A scene from the musical “Sandglass” (Insight Entertainment)
“The popularity other K-cultural products enjoy and the potential of musicals cannot be separated because many great musicals come from long-lasting popular stories and music. And South Korea is producing a wealth of its own notable stories in many forms, although it might take some time until these potential turns into reality,” Won Jong-won, a communications professor at Soonchunhyang University and a musical critic, told The Korea Herald.
Park Hyo-shin sings and acts in the musical “The Man Who Laughs” (EMK Muscial Company)
An industry expert, who wishes to remain anonymous, also said that the only way for the country’s musical industry to surpass the current size is to create original musicals.
“The current market size is at its max, and that’s even after even heavily relying on K-pop stars and actors, without whom, it‘s difficult to sell tickets,” the source who only gave her surname Kim said. “The only way to grow out of the current market is to make original musicals and license them out to other markets.”
Professor Won and the industry source both pointed out South Korea’s unique marketing strategy.
While Broadway and West End rely heavily on tourists to fill their seats, South Korea‘s devoted musical fans are locals who are eager to revisit the musicals time and time again.
This is because the musical industry has developed a unique casting system. Casting multiple actors/actresses to take on one role simultaneously has become the norm in the country’s industry. They also rely heavily on established K-pop stars and actors. Examples include Ok Joo-hyun, Park Hyo-shin, Kim Jun-su and Kyuhyun.
The poster for 25th-year edition of “The Last Empress” (Acom)
Creating original musicals has long been the ambition of musical production companies, and attempts to create original musicals seem to have continued since the success of “The Last Empress” in 1995. “The Last Empress“ is based on a historical novel by author Yi Mun-yol about Empress Myeongseong, the official wife of Gojong, the 26th king of Joseon and the first emperor of the Korean Empire.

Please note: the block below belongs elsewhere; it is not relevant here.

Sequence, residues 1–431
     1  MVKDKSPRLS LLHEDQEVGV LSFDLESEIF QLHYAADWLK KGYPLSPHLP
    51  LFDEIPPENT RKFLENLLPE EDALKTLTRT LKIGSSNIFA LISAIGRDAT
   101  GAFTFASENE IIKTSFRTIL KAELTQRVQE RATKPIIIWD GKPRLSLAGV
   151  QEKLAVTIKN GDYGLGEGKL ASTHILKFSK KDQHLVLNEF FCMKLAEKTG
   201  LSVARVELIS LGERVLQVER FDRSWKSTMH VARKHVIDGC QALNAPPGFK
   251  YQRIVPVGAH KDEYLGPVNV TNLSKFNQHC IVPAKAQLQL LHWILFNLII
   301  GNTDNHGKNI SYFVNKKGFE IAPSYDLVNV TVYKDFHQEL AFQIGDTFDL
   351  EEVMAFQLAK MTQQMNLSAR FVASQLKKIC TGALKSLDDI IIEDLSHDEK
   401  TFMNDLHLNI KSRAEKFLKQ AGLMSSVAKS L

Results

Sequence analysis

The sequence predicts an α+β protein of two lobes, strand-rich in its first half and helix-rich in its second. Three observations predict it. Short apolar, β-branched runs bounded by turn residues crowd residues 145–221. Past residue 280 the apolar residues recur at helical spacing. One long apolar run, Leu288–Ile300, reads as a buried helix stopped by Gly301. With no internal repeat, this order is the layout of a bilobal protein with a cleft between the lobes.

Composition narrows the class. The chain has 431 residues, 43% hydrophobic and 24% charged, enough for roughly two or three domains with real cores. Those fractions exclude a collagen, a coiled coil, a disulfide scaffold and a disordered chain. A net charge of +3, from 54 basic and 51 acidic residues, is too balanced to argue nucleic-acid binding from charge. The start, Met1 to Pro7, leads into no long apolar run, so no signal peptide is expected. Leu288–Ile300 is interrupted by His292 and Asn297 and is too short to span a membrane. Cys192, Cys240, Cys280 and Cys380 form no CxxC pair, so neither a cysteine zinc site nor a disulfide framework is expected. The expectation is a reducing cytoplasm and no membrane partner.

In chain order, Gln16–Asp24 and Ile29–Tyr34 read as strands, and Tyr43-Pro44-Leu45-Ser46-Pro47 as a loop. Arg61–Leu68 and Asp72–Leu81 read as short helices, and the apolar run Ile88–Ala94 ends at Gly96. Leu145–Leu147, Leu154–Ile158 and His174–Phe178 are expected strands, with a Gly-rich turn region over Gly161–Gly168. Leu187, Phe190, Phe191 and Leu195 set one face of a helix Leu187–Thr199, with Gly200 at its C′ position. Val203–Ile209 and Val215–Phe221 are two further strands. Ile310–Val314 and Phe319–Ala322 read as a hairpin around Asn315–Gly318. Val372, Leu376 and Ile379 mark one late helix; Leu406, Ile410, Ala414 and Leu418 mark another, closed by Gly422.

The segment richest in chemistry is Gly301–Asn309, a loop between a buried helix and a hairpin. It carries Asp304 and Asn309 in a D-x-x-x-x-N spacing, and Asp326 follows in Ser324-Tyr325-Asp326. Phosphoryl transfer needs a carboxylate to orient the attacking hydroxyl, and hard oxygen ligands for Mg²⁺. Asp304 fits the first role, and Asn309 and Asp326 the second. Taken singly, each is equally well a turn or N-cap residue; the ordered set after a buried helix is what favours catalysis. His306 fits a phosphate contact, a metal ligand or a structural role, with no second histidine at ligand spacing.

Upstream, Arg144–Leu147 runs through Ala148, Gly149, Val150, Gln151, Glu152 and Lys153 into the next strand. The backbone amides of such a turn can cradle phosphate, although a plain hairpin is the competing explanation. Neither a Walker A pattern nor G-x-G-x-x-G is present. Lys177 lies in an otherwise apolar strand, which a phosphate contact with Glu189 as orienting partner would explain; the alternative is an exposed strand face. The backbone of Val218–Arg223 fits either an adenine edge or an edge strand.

Many attempts have been made to replicate the success, including “Queen Seondeok,” based on a TV drama hit with the same title and “Arirang” based on Jo Jeong-rae’s novels in the 2010s, though these productions did not receive a second run.
EMK has taken a different strategy – using a foreign creative team and popular stories in the West, such as “The Man Who Laughs,” based on Victor Hugo’s novel of the same name, and Mata Hari, which is based on the story of the famous Dutch spy during World War I.
EMK recently announced “Oceans,” based on the story of war hero Jang Bo-go from the Silla Kingdom.
Musical “Seopyeonje” (Page 1)
“In this modern world of rapid globalization, we don’t want to work just with local people for the sake of remaining within the confines of what is considered Korean.”
The quest for creating original musicals is not difficult to see. Just this year, “Crash Landing on You,” based on a popular TV drama featuring Hyun Bin and Son Ye-jin is set to take the stage in September. ”Seopyeonje,” based on a 1993 movie with the same title, will hit the local theater this week.
The poster of the musical version of “Crash Landing on You” (Popmusic)
There is an industry joke that the only ones who make money in musicals are foreign license holders and popular actors who get hefty paychecks.
Won and Kim said that Korea’s musical industry has a myriad of challenges in utilizing the potential that rich K-content can offer.
The huge difference in paychecks amount between lead actors and ensemble should be adjusted for the long-term growth of the industry, Won said, adding that there should be a cap on actor salaries which also pushes up ticket prices.
“In South Korea, a long-term project is almost impossible because there are not many theaters dedicated to musicals. It pushes up production costs and hurts the long-term survival of smaller productions,” Won noted.
“The government should support smaller productions so that creators can have various attempts with abundant content resources,” Won noted.
In commemoration of The Korea Herald’s 69th anniversary on Aug. 15, The Korea Herald has prepared a series of features delving into the phenomenon of Korean-made content influencing global contemporary culture and trends. Is it a one-off occurrence or is it here to stay? Can South Korea claim pride in the works of its creative minds as a nation? The Korea Herald expounds on the past and present of the Korean Wave and its prospects for the future. – Ed.
By Park Ga-young (firstname.lastname@example.org)